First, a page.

Blockchain Enterprise Promotion Association calls for the government to adopt crypto technology instead of missing on the immense potential this currency holds by focusing on temporary negative issues and investing in controlling and coercing its growth.
The association now calls on the government to come up with a legal framework that would encourage the development of the blockchain industry.
This association came into being quite recently, on July 17th, with the aim to build a communication bridge between relevant enterprises and the government, strengthen the government support and assistance to relevant enterprises so as to promote the globalization of Korean blockchain enterprises. Unlike other existing associations, Korea Blockchain Enterprise Promotion Association is composed of politicians and emerging blockchain companies.
The association came forward this Tuesday with the demand for government to set precedent and regulate cryptocurrency, reported a local news outlet, Korea Joongang Daily. Yoo Joon-sang, president of the Korea Blockchain Enterprise Promotion Association, pointed out to efforts of other countries to merge this technology for their benefits while hammering the government for doing the opposite – coercion against crypto usage.
Countries around the world are applying blockchain technology to all aspects of society including health care, retail and logistics but instead of welcoming the people’s fervor for the technology, the government is focused on controlling it to address negative short-term side effects. This is essentially kicking away the economic opportunities that lie in front of us.
South Korea continues its love hate relationship with cryptocurrency, as the country has banned anonymous crypto trading and forbid minors and government officials from trading in the past, but more recently has lifted the ban on Initial Coin Offerings (ICO) and legalized Bitcoin (BTC) as a remittance method.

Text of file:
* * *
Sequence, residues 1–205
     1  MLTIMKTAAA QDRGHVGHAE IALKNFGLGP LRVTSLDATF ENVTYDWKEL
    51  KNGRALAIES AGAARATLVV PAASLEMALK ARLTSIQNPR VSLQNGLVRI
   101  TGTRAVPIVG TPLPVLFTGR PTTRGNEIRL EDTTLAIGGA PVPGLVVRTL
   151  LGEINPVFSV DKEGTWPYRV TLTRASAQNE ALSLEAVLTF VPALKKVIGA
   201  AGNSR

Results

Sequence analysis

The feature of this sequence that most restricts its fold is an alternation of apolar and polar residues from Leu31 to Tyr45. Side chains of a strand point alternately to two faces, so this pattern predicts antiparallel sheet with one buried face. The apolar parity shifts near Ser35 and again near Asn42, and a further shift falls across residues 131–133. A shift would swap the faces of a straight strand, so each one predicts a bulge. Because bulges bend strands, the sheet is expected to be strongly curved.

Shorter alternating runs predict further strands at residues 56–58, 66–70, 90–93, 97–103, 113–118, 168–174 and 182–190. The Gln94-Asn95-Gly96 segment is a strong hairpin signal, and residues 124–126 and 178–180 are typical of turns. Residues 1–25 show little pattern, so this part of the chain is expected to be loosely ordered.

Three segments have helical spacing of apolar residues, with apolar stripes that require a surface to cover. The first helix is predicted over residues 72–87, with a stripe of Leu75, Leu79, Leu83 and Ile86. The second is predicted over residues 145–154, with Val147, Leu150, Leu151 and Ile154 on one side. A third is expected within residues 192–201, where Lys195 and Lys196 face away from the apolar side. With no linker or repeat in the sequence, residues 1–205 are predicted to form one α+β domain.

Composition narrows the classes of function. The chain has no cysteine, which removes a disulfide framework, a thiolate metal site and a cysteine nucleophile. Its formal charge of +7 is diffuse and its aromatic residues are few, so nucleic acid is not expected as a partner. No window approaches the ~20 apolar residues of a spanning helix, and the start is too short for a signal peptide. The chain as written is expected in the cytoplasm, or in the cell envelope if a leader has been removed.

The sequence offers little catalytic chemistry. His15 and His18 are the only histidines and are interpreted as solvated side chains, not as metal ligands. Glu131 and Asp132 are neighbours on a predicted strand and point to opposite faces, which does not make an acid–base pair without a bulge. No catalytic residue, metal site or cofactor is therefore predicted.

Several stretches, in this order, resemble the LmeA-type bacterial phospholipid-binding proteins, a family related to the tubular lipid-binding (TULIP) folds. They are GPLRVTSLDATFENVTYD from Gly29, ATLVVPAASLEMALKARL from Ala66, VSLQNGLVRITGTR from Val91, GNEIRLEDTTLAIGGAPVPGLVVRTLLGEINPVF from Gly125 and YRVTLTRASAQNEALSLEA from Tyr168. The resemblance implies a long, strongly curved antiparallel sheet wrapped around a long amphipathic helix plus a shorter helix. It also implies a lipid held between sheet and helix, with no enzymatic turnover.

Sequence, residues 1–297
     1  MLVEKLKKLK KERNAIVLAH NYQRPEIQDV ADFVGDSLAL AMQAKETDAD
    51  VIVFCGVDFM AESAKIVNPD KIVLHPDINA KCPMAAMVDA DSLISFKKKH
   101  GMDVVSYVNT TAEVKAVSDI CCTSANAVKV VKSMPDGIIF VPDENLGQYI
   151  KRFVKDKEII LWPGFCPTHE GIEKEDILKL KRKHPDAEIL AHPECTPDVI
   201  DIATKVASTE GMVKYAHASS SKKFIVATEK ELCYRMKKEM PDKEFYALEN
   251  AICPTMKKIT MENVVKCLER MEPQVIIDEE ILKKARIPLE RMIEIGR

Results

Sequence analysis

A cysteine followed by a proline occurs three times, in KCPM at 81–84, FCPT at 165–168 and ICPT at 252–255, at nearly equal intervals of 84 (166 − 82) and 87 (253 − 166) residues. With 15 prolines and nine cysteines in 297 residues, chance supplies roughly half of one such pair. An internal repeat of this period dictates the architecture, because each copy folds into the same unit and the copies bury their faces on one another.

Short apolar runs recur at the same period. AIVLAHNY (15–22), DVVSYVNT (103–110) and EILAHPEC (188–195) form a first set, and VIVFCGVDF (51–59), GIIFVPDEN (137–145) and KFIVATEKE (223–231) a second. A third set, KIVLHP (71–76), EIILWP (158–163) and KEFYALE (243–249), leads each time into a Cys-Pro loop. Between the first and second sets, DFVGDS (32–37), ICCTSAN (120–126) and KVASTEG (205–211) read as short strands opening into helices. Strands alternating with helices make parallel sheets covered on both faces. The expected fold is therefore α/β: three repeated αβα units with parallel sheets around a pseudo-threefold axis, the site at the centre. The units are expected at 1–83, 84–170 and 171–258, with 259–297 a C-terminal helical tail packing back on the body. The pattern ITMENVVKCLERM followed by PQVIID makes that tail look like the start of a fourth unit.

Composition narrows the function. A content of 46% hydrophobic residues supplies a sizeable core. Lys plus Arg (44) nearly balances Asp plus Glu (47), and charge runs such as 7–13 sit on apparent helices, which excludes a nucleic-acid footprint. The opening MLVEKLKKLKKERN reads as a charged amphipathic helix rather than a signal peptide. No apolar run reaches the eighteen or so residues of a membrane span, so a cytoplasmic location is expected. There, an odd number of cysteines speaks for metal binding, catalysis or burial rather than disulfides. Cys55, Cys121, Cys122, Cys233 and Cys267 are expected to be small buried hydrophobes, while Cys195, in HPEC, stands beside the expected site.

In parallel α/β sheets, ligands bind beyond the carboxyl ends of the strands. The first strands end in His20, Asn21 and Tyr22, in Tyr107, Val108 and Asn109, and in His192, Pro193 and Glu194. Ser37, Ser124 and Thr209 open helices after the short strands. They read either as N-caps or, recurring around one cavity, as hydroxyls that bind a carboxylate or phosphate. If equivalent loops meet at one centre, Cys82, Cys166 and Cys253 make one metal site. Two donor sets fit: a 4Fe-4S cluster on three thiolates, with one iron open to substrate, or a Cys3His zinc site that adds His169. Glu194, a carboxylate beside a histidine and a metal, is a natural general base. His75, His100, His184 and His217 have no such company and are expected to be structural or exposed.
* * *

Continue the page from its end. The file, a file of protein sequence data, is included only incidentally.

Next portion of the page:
On March 1, according to Maeil Business, the Ministry of Personnel Management issued a document entitled “Virtual Currency Holdings and Transaction-Related Information for Civil Servants” stating that officials who are found to be involved in cryptocurrency trading are “in violation of the prohibition of forbearance obligations under the civil servants’ law” and are subject to disciplinary actions, especially if the banned activities occur during work hours.
Although the virtual currency itself was not judged to be illegal, it was pointed out that it infringed on the constitutional fundamental rights of public officials while imposing a ban on the entire public societies.
More recently, on May 29th, a South Korean National Assembly committee dedicated to studying the so-called ‘Fourth Industrial Revolution’ said it would seek to enhance the legal basis of cryptocurrency in the country, part of which would be reversing the ICO ban which the government enacted in September 2017.
The special committee on the fourth industrial revolution said, “We need to form a task force including private experts in order to improve transparency of cryptocurrency trading and establish a healthy trade order. The administration also needs to consider setting up a new committee and building governance systems at its level in a bid to systematically make blockchain policy and efficiently provide industrial support. We will also establish a legal basis for cryptocurrency trading, including permission of ICOs, through the National Assembly Standing Committee.”, reported Business Korea.
With the general mistrust of Korean government on cryptocurrency under siege from crypto associations, hopes for legitimizing cryptocurrency are on a rise, building pressure on government to hasten the regulatory process.